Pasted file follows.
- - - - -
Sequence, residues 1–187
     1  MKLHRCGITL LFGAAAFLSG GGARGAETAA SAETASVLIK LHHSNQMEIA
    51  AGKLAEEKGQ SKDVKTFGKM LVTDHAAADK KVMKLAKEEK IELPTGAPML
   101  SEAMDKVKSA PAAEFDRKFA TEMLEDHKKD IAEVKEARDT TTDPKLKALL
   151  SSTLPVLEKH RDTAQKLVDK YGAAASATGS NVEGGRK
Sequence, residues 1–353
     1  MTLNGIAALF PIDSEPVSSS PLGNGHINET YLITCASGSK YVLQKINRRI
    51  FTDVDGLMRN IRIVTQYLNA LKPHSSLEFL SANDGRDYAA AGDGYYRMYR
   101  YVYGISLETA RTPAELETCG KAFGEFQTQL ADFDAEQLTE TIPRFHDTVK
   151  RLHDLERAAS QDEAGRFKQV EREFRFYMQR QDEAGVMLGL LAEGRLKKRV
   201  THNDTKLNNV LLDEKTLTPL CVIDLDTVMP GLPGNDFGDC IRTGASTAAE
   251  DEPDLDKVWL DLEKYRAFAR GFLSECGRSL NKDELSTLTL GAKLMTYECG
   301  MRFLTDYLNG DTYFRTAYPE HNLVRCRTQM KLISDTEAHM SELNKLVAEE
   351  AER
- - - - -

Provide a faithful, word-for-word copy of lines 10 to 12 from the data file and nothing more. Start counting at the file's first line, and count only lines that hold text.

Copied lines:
   151  RLHDLERAAS QDEAGRFKQV EREFRFYMQR QDEAGVMLGL LAEGRLKKRV
   201  THNDTKLNNV LLDEKTLTPL CVIDLDTVMP GLPGNDFGDC IRTGASTAAE
   251  DEPDLDKVWL DLEKYRAFAR GFLSECGRSL NKDELSTLTL GAKLMTYECG